If the bike does not have a kickstarter, hook up your battery with your jumper cables to the bikes battery (do not reverse polarity, positive goes to positive, negative goes to negative), and attempt to turn the engine over with the starter button, the same rules as above apply.
Open the tank and use your flashlight to look for rust and varnish. Old gas can be emptied, but varnish and rust are another matter. Many radiator service shops can clean and seal an old tank, but it is an expense, and often the paint job must be redone.
Pull a sparkplug or two and hold your thumb over the sparkplug hole. Have your friend either kick over the motor or hit the start button for you. If the pressure blows your thumb off the hole, then compression is happening. Of course, this will not tell you how much compression, but a piston with a hole in it won't blow your thumb off the sparkplug hole.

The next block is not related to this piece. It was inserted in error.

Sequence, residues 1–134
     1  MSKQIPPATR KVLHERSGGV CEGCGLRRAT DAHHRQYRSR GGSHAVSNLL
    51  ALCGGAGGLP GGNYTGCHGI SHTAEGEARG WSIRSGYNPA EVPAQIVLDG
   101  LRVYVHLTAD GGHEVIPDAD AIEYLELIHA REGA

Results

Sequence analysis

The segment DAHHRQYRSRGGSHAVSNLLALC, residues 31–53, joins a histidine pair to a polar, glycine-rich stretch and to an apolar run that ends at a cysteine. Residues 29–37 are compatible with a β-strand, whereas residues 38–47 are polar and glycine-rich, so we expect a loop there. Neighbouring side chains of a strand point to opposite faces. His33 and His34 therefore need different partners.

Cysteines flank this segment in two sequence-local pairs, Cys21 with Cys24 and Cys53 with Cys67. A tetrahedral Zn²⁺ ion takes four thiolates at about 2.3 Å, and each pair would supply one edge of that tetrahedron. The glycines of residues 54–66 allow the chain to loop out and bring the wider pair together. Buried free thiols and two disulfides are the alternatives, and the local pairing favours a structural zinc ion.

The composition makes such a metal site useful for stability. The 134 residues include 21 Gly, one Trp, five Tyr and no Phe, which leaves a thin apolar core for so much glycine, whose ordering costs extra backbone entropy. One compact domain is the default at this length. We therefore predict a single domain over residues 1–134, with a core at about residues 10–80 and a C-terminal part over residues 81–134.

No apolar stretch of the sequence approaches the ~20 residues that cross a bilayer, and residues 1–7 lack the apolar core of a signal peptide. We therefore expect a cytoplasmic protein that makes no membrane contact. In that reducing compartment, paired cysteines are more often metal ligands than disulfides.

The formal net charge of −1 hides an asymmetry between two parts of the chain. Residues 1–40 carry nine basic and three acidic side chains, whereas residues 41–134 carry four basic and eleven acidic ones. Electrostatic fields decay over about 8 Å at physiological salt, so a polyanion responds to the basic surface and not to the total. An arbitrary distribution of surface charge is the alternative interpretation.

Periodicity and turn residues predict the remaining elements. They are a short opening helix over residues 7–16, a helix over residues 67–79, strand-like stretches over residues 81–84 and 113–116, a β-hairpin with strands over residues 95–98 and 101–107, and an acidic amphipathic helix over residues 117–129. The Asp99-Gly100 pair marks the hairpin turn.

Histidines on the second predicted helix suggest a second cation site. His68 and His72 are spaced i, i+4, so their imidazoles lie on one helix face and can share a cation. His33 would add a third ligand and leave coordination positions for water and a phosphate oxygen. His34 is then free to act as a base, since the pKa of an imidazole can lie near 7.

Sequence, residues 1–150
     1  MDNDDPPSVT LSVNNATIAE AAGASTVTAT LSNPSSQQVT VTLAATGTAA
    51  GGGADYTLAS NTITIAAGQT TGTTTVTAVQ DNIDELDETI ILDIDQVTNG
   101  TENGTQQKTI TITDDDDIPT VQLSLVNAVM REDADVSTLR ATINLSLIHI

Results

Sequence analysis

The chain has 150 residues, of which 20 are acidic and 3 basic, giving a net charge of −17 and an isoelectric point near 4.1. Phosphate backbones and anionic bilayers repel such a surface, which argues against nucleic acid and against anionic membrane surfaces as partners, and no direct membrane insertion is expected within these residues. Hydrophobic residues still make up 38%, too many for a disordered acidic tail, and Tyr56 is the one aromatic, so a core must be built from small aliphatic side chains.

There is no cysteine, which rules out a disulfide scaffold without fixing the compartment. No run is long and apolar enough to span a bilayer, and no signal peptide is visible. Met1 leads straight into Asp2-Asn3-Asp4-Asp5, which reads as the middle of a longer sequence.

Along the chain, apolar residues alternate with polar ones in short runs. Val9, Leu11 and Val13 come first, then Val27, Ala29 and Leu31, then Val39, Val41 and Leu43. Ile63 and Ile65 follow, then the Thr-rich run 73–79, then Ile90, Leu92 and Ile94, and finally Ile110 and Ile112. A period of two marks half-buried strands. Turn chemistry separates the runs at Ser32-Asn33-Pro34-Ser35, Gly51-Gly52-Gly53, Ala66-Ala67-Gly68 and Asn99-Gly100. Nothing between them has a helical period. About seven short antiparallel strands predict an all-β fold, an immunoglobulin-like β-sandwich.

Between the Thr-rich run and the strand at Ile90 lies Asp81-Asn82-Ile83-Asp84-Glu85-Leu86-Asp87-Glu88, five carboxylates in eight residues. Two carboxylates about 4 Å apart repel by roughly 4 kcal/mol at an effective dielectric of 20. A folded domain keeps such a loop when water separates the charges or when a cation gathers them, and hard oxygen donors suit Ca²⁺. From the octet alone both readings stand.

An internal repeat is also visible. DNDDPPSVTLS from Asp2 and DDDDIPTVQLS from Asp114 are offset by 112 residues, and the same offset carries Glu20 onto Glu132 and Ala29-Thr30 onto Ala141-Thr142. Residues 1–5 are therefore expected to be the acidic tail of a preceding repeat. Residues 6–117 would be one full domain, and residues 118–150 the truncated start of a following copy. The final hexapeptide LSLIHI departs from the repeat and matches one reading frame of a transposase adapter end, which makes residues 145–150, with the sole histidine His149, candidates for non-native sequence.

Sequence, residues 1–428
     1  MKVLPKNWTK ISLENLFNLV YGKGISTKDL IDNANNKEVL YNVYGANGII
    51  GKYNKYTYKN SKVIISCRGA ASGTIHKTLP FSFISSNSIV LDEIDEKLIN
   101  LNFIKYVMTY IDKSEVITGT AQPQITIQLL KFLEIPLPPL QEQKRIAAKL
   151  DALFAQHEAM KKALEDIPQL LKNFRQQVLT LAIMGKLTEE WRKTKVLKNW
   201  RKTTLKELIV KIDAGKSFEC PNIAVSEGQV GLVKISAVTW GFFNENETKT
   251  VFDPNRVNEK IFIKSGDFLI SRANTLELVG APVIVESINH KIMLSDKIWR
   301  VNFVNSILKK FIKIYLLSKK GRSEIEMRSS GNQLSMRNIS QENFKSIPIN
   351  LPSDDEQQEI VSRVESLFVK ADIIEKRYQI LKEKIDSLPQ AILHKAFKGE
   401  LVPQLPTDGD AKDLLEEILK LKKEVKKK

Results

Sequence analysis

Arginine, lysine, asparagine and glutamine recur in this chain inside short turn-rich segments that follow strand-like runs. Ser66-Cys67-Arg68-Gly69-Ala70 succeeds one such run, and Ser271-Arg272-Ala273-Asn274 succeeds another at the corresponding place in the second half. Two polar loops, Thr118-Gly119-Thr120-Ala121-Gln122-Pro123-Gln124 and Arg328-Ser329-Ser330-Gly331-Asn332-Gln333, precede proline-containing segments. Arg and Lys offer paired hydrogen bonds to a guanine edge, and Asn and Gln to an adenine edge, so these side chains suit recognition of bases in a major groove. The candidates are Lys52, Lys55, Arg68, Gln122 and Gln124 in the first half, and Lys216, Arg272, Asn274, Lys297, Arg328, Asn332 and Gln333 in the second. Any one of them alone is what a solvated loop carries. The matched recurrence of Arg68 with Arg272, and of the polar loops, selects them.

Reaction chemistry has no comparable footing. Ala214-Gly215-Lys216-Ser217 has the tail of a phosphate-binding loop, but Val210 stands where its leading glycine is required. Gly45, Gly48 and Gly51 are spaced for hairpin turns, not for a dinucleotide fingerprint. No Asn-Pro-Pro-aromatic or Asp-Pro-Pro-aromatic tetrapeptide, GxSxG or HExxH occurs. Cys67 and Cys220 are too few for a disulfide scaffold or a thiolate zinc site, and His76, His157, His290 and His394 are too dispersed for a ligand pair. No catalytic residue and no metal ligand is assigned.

While you are there, check the condition of the plug wires and boots, and check for spark at the spark plug with your battery connected (be careful, holding the boots or wires while cranking or kicking over the engine can give you quite an uncomfortable shock.)
If the bike has a centerstand, set it on the centerstand and, if possible, turn the wheels by hand. 'Chunkiness', noises or 'notches' may be noticeable. If so, the bearings will need to be replaced (do not confuse the 'chunkiness' of an old chain for bearing wear.)
While there, inspect the wheels. Any noticeable divots or flat spots on the wheel itself (not the tire) will require replacement (or at least a truing, if it is a spoked wheel.)
Do the same for the steering while the bike is on the centerstand. Have your friend hold down the back while you turn the wheel slowly from right to left. If there is a notch, chunkiness, or it 'falls' into a groove, the steering bearings will require replacement.
Also, be sure to check the fork stanchions for pits or rust. If pitted or rusted, they will tear the fork seals and have to be replaced.